“But it was difficult to keep up with the business because when you’re making cold process soap you have to cure each batch for a minimum of four weeks before selling it. So, I reached out to a friend of mine, who is also a soap maker and hired her to make ‘our special recipe’ for us. We have been using her since. She is based in Long Island, so everything is as local as you get. We will make small custom batches there and still make our salts, body butters, lip butters in the shop and finish most other products on premises.”

Lavender Line is at 22-07b 36th St. in Astoria. Call them at (718) 704-4408 or go to thelittlesoapshop.net to find out more.

More giving treasures can be found at Matted LIC Gallery (46-36 Vernon Blvd, Long Island City). And while you’re there, you can chat with the local artists whose works are on display through Nov. 30. Who wouldn’t love finding a piece of original art under their Christmas tree or Hanukkah bush?

Ridgewood Market (657 Fairview Ave.) is another spot packed with giftable finds. So, if you go, browse and shop to your heart’s content. They’re doing two markets this holiday season—a Sunday afternoon Brunch Market Dec. 11 and a Saturday Night Bazaar Dec. 18—with over 40 vendors per market, a prize raffle, a 50/50 raffle and much more, according to founder/organizer Sarah Feldman.

“The quality of vendors gets better every year,” Feldman noted. She also provided a sampling of some of the vendor submissions. No doubt, you’ll discover a cornucopia of artisanal offerings made by locals. Those offerings include coconut oil-based hair and body products; wood signs and other wood gift items; Digital prints, art prints and silkscreens; handcrafted ceramic tableware and pottery;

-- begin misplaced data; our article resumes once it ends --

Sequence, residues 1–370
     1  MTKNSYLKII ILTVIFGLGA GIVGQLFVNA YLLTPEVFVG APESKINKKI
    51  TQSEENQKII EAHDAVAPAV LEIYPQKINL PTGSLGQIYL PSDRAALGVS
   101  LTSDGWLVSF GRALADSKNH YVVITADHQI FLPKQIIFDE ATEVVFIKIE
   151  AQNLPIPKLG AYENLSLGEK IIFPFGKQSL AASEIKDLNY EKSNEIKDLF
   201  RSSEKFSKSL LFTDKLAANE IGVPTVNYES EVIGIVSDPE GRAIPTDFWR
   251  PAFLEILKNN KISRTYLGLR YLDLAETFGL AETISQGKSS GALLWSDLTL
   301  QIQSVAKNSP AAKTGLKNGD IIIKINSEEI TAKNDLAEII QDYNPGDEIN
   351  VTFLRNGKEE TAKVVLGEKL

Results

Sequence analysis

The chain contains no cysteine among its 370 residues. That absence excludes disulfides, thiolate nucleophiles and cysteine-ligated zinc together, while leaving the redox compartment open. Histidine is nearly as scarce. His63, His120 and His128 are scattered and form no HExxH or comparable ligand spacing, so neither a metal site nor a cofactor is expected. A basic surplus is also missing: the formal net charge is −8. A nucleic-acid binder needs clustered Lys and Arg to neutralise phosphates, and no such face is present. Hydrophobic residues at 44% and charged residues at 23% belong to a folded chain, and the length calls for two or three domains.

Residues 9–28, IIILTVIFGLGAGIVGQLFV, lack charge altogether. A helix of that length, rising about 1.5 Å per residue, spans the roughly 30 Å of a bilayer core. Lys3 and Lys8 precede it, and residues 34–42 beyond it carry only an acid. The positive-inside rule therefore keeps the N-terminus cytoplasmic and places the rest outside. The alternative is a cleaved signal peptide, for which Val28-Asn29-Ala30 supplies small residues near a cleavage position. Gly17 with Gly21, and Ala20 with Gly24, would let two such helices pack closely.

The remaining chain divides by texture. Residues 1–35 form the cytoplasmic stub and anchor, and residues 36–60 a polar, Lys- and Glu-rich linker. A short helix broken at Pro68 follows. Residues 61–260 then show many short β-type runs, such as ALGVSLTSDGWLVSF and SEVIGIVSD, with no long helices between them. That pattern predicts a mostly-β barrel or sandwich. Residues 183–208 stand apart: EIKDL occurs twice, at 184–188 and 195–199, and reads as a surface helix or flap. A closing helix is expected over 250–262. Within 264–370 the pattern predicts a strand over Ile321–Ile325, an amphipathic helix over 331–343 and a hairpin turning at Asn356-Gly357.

plus homemade honey, chocolate and baked goods. For the high-tech shopper, there’s robot gear and robot-themed t-shirts, while the more nostalgic can opt for locally designed retro-style baubles and accessories as well as vintage articles, including dolls, clothes, linens and brooches. To see some the selections available go to www.ridgewoodmarket.com/vendors/.

Featuring items by local designers and makers, Lockwood Shop (32-15 33rd St., Astoria) is a one-stop destination for holiday shoppers who want something different. In addition to their Astoria store, Lockwood has a branch at Queens Museum (New York City Building, Flushing Meadows Corona Park, www.queensmuseum.org), where you’ll find a great selection of giftable items for everyone on your list. Don’t miss the museum’s specially curated selections that reflect current installations, and their collection of World’s Fair goodies.

Back in Long Island City, you can check out the holiday shopping deals at the popular LIC Flea (5-25 46th Ave., Hunters Point, 718-224-5863). On Dec. 17 and 18, you can start celebrating early at their Spiked Mug Festival (www.spikedmugfest.com). Plus you browse the offerings at the accompanying holiday flea and food bazaar, where you will likely find plenty of artisanal fare.

Last year, You Are Here Studios participated in LIC Flea. But this holiday season, photographers Alex and Lisa will be selling their funky, Queens-centric and New York City images at a couple of Manhattan locations. The two business partners live in Astoria and said they grew their business from, and in Queens. If your holiday shopping expeditions take you to Manhattan, you can browse through works at Kiosk E3 at the Bryant Park Winter Village (through Jan 2), the kiosk on the main floor of the Oculus Building at World Trade Center (through Dec 31). Find out more at www.YouAreHereStudios.com

And finally, if you’re already feeling a bit overwhelmed and stressed out, and you need some inner peace, you might want to check out what Inner Peace (79-24 37th Ave.) in Jackson Heights has to offer. The shop has been a part of the community for 17 years and offers a Zen-like atmosphere. You’ll find candles and calming oils, Tibetan singing bowls and even crocheted baby clothing—all made by craftspeople in the area.